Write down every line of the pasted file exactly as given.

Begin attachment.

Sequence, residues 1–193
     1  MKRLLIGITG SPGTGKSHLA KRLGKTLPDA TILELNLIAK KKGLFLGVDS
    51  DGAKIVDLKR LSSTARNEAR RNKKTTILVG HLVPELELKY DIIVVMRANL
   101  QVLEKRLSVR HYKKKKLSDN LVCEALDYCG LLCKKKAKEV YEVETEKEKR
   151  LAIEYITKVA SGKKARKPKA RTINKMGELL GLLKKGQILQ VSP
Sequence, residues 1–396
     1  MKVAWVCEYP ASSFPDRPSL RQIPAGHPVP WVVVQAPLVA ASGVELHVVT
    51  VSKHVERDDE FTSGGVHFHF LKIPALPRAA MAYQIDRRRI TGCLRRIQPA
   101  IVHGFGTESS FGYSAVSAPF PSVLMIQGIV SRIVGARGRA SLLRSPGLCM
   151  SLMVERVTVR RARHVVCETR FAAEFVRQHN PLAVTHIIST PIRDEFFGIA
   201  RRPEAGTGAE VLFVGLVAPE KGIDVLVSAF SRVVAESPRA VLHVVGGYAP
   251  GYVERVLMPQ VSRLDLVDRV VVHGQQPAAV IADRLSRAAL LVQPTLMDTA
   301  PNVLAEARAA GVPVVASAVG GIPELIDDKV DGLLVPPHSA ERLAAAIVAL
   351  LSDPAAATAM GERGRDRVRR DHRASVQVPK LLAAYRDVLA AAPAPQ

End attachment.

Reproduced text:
Sequence, residues 1–193
     1  MKRLLIGITG SPGTGKSHLA KRLGKTLPDA TILELNLIAK KKGLFLGVDS
    51  DGAKIVDLKR LSSTARNEAR RNKKTTILVG HLVPELELKY DIIVVMRANL
   101  QVLEKRLSVR HYKKKKLSDN LVCEALDYCG LLCKKKAKEV YEVETEKEKR
   151  LAIEYITKVA SGKKARKPKA RTINKMGELL GLLKKGQILQ VSP
Sequence, residues 1–396
     1  MKVAWVCEYP ASSFPDRPSL RQIPAGHPVP WVVVQAPLVA ASGVELHVVT
    51  VSKHVERDDE FTSGGVHFHF LKIPALPRAA MAYQIDRRRI TGCLRRIQPA
   101  IVHGFGTESS FGYSAVSAPF PSVLMIQGIV SRIVGARGRA SLLRSPGLCM
   151  SLMVERVTVR RARHVVCETR FAAEFVRQHN PLAVTHIIST PIRDEFFGIA
   201  RRPEAGTGAE VLFVGLVAPE KGIDVLVSAF SRVVAESPRA VLHVVGGYAP
   251  GYVERVLMPQ VSRLDLVDRV VVHGQQPAAV IADRLSRAAL LVQPTLMDTA
   301  PNVLAEARAA GVPVVASAVG GIPELIDDKV DGLLVPPHSA ERLAAAIVAL
   351  LSDPAAATAM GERGRDRVRR DHRASVQVPK LLAAYRDVLA AAPAPQ